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This image of Jupiter's white ovals BC and DE was taken by the Galileo spacecraft
Click on image for full size

The Appearance of the White Ovals

Of the 3 classic white ovals, BC is the largest, and has always been to the right of DE. FA was to the right of both of them. When they were born, in 1939, the ovals were elongated; BC and DE stretched 98,000 km. But they shrank, and by 1956 each oval stretched only 24,500 km. The white ovals gradually drift along, pretty close to the position in which they were born, but over time, FA has traveled faster than either BC or DE. By 1987, FA was almost 180 degrees east of BC, putting it on the opposite side of Jupiter from where the others are found.

In this picture, DE is on the left, and BC is on the right. DE and BC spin in the counter-clockwise direction (they are anti-cyclonic features). In the middle is a balloon shaped feature which is spins in the other direction. The balloon shape which the middle feature currently has is different from the shape it had when the Voyager spacecraft visited Jupiter in 1979. When Voyager visited in 1979 the middle feature was irregular, but still more rounded than it is today. Other white ovals in the vicinity are called WO1, WO2, and WO3. These white ovals have had much shorter lives than the three classic white ovals. WO2 and WO3 are shown in the picture.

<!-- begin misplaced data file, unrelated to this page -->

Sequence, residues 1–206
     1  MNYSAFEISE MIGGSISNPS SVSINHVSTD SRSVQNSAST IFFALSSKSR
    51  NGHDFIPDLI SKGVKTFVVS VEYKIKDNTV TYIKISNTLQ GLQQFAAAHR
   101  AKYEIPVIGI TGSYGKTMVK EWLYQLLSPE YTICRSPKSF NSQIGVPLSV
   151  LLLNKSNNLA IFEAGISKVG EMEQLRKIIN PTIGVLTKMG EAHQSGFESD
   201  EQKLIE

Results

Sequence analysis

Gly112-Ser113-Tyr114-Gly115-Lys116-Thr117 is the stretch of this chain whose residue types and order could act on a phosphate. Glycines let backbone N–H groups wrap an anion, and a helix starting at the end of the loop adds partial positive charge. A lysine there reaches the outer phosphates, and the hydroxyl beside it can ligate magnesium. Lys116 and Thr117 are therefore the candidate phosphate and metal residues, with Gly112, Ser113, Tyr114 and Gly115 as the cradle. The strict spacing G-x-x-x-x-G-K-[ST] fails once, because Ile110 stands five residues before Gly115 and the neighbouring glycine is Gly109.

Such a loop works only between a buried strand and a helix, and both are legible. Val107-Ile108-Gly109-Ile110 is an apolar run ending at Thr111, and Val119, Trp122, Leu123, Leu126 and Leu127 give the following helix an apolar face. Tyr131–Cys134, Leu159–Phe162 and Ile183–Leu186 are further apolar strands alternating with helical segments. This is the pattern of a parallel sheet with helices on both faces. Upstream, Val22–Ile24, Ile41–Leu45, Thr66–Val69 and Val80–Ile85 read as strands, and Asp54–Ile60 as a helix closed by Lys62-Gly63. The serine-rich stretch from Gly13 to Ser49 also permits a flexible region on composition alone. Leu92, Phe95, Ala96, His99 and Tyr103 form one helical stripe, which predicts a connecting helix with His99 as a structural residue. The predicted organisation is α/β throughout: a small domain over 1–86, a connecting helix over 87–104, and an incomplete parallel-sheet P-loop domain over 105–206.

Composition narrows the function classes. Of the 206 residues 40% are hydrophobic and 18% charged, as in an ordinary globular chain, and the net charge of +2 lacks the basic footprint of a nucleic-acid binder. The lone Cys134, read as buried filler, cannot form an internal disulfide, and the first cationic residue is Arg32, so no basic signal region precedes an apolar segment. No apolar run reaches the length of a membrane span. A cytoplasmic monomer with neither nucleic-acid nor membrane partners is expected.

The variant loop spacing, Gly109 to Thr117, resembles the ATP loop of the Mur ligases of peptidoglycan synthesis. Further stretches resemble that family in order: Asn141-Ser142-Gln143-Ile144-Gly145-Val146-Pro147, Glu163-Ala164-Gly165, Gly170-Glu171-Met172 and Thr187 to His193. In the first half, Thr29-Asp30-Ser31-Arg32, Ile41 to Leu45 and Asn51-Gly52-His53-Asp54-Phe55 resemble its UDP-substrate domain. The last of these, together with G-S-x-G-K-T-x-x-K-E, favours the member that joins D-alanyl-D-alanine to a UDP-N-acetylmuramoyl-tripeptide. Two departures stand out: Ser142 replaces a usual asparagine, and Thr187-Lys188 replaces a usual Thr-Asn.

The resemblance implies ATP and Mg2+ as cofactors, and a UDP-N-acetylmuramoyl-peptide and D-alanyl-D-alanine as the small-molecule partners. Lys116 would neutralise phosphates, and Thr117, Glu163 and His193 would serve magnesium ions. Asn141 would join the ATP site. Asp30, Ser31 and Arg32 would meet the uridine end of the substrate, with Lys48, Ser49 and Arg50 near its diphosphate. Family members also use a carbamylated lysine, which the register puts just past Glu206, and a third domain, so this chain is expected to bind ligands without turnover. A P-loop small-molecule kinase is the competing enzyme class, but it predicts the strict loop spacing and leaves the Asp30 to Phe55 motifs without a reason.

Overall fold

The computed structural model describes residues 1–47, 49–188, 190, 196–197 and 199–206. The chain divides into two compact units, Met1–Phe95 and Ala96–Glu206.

Over time these three have changed their appearance many times, as well as jostling each other for position, and merging with each other. Scientists study the changing appearance of the white ovals in order to understand more about the weather of Jupiter, which very different from the weather of the Earth.

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